Attentional Moral Perception

Journal of Moral Philosophy 19 (5):501-525 (2022)
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Moral perceptualism is the view that perceptual experience is attuned to pick up on moral features in our environment, just as it is attuned to pick up on mundane features of an environment like textures, shapes, colors, pitches, and timbres. One important family of views that incorporate moral perception are those of virtue theorists and sensibility theorists. On these views, one central ability of the virtuous agent is her sensitivity to morally relevant features of situations, where this sensitivity is often spoken of in perceptual terms. However, sensibility theorists have often not been careful to specify how to understand their claims about moral sensibilities as perceptual. In this paper, we distinguish between what we call Attentional Moral Perception and Contentful Moral Perception. We argue that sensibility theorists should endorse Attentional Moral Perception, because it has very powerful empirical evidence in its favor, and it can play all of the explanatory roles that the sensibility theorist needs in her theory of moral sensibilities.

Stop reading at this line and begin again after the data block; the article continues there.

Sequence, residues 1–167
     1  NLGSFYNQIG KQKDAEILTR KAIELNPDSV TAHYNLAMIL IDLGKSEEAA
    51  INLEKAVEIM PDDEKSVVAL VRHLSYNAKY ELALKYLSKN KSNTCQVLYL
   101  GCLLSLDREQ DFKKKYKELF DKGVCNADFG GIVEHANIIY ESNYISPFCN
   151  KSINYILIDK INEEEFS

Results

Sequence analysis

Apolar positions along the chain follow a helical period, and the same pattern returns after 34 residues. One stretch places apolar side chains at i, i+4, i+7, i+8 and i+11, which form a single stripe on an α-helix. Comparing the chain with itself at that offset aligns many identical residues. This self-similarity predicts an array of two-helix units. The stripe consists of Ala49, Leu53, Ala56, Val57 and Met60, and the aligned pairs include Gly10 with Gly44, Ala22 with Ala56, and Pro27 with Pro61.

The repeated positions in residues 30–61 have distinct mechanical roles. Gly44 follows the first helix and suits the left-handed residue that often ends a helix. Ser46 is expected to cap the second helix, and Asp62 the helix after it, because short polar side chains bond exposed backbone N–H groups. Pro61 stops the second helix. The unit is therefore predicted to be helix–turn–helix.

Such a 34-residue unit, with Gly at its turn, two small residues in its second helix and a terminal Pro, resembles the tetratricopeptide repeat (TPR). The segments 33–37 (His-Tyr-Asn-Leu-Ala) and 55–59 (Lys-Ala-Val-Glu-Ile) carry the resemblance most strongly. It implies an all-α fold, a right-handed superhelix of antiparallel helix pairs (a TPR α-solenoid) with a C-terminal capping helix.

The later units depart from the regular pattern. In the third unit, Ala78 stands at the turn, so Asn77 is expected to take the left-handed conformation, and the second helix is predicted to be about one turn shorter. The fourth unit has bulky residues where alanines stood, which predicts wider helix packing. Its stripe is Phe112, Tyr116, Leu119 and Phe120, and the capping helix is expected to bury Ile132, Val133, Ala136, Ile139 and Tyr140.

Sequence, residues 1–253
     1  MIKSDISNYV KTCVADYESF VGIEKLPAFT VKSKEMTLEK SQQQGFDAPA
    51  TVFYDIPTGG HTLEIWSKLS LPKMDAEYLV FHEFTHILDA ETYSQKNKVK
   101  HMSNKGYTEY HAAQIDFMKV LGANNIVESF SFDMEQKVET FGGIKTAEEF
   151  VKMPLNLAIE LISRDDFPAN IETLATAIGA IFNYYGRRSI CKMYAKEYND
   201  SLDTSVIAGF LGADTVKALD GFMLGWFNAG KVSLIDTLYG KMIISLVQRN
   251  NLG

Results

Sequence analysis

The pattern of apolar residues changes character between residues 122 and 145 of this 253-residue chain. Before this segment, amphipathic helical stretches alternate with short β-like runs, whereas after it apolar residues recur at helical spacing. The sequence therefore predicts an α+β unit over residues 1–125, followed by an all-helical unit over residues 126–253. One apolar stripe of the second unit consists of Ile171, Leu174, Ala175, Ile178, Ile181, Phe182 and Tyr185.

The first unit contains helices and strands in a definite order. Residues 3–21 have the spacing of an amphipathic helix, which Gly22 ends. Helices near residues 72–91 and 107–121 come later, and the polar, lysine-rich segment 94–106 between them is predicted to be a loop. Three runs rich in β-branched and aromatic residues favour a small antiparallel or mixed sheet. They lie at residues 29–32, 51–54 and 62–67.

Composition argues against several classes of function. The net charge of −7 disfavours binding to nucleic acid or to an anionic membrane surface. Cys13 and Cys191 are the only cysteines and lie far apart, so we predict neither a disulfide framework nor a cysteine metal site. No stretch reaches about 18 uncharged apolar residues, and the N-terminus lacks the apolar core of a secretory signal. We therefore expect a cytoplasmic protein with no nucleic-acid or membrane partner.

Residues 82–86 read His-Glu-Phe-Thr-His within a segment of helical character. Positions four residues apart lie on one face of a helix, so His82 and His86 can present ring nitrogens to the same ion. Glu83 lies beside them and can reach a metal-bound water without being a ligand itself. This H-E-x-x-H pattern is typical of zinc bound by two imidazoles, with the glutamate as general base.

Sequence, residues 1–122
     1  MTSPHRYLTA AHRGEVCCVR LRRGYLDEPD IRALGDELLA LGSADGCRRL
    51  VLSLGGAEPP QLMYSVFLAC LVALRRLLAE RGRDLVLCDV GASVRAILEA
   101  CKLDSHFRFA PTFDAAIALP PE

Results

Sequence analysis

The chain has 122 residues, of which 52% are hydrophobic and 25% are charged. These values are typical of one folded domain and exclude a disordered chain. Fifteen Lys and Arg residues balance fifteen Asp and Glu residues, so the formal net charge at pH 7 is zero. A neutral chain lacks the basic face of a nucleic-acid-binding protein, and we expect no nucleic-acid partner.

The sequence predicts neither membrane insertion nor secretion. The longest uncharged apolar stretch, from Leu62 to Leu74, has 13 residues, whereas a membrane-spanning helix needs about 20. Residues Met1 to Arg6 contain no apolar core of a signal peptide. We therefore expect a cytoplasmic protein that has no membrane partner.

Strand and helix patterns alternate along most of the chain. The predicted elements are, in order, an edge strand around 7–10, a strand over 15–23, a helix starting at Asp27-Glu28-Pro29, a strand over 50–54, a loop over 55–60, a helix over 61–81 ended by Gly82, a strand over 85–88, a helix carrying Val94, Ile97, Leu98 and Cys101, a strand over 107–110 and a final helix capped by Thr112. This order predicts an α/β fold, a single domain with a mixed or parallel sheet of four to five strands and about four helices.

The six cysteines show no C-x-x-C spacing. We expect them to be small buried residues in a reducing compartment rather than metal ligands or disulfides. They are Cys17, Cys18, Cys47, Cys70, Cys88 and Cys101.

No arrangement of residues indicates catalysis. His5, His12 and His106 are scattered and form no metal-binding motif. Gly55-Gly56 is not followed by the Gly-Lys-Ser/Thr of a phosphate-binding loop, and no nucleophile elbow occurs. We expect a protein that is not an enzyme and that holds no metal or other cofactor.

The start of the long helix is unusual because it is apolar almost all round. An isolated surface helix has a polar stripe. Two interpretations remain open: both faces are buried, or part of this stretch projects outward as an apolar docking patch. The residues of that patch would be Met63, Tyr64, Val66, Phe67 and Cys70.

Author Profiles

Preston Werner
Hebrew University of Jerusalem


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